Skimming the Surface of Water Pollution: Use of Marine Skimmers

UMI TrashCat™ operating on Jamaica Bay, New York City

UMI TrashCat™ operating on Jamaica Bay, New York City

In response to widely publicized beach closures, the New York State Department of Environmental Protection (DEP) collaborated with federal, state, local, and private interests as part of a Floatables Action Program. As a result of this cooperative effort, virtually no beaches in New Jersey, New York City, and southern Long Island have been closed during the last two summers due to floating trash (“floatables”).

The purpose of the Floatables Action Program was to capture floating debris at its source and skim them from the estuary’s waters and beaches. The DEP received funding from the U.S. EPA to place floating containment barriers in front of a major combined sewer outfall affecting Jamaica Bay. This floating structure suspends nets in front of the outfall to trap floatables discharged during rain storms. DEP also began installing similar devices across other tributaries within Jamaica Bay. However, because these netting structures are not installed at every sewer outfall affecting the Harbour-Sound Bight Estuary, floatables must also be skimmed from surface waters.

Therefore, a key feature of DEP’s Floatables Action Program is a fleet of skimmer vessels which remove floating debris before it reaches area beaches. As part of New York City’s Skimmer Vessel Program, DEP launched the SV Piping Plover and the SV Ibis from the South Street Seaport during the summer of 1993. United Marine International designed and built both of these marine trash skimmer vessels. These 50 foot vessels, which began skimming floatables from Jamaica Bay, are the first of a projected fleet of five. Eventually DEP’s flotilla will include the smaller SV Heron and SV Egret, and the 100-foot SV Cormorant.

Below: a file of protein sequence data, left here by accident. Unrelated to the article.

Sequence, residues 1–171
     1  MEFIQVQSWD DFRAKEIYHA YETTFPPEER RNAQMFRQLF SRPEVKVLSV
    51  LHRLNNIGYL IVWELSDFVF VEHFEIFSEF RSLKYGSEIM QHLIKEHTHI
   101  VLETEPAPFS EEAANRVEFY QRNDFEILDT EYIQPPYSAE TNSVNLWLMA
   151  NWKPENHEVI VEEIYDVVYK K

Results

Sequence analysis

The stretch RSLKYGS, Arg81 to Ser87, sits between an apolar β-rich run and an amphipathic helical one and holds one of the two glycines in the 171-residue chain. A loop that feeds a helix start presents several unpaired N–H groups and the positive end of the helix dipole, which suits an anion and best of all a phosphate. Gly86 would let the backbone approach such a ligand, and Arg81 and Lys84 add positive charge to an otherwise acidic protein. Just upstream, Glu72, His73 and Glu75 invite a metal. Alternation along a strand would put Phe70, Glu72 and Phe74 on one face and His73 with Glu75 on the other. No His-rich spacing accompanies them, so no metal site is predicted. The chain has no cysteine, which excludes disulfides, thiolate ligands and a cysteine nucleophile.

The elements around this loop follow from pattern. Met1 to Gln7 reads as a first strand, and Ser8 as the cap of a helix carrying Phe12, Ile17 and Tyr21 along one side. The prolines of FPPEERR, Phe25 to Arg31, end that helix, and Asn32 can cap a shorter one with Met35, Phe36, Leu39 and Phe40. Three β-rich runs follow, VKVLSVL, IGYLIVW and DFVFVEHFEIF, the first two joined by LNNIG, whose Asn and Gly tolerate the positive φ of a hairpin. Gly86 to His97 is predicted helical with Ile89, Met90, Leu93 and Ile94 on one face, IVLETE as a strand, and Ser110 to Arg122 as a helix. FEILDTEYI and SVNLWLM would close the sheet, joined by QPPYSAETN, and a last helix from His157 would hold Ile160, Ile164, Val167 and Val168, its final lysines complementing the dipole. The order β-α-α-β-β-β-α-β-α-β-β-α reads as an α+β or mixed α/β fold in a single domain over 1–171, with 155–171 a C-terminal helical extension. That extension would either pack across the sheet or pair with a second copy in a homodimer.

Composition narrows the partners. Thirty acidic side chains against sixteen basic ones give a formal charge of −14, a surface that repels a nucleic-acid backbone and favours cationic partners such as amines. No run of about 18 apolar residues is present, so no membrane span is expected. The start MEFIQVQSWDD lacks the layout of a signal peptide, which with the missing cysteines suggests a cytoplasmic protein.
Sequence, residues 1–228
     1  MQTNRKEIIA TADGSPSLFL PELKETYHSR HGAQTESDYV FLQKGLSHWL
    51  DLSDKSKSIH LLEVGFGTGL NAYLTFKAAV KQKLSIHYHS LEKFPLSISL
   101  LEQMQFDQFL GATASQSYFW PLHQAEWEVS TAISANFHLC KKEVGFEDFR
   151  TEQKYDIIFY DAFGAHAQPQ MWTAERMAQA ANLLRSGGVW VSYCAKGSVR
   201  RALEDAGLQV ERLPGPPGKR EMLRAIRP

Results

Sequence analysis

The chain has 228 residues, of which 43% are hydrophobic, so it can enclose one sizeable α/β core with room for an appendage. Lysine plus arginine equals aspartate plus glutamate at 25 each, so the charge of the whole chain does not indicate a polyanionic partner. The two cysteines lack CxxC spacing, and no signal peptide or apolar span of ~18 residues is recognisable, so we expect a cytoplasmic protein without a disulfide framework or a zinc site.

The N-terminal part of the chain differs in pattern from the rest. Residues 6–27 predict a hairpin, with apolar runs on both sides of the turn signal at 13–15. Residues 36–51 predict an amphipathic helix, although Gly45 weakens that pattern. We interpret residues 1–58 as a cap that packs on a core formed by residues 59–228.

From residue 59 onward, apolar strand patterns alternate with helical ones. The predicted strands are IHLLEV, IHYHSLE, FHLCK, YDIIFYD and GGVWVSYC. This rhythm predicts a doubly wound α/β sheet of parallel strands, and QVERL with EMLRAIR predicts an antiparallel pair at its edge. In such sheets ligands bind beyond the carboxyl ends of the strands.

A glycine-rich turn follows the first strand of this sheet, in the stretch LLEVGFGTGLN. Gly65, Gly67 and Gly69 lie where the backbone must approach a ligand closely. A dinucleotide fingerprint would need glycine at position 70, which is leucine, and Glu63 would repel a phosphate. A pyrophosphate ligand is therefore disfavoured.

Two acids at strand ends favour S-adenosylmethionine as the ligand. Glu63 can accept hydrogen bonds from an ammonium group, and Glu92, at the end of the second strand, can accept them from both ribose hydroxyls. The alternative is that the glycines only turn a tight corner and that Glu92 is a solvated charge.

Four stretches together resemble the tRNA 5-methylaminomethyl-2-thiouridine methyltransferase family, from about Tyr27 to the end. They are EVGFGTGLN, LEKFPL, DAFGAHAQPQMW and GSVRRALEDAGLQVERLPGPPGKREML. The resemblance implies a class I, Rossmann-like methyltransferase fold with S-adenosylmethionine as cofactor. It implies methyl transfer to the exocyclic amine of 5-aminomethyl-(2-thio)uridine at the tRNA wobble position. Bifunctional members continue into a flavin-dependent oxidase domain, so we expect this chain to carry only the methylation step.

The SV Cormorant will operate in the rougher waters of the Upper and Lower Bays. It is also capable of operating within any area of the Harbor-Sound-Bight Estuary up to 15 miles offshore. This vessel will complement the U.S. Army Corps of Engineers’ Harbor Drive Program, which removed derelict piers, vessels and other floating debris that prove hazardous to navigation.

DEP’s comprehensive program utilizing skimmer vessels and containment barriers to control floating debris is a part of a larger City-wide effort to reduce street litter that washes up on beaches. Although both these efforts will result in a cleaner shoreline surrounding New York Harbor, improving the water qualify of the Harbor-Sound-Bight Estuary ultimately will be accomplished by preventing pollution on the streets themselves. One such effort is DEP’s public education posters —CLEAN STREETS, CLEAN BEACHES— which appear on public transportation systems serving New York City, New Jersey and Long Island.

Source: 1994 New York Harbor Estuary Publication, by:  Cornell University • Center for the Environment of New York State • New York State Water Resources Institute under the direction of the New York City Department of Environmental Protection

For more information on The City of New York DEP Floatables Reduction Program, click here.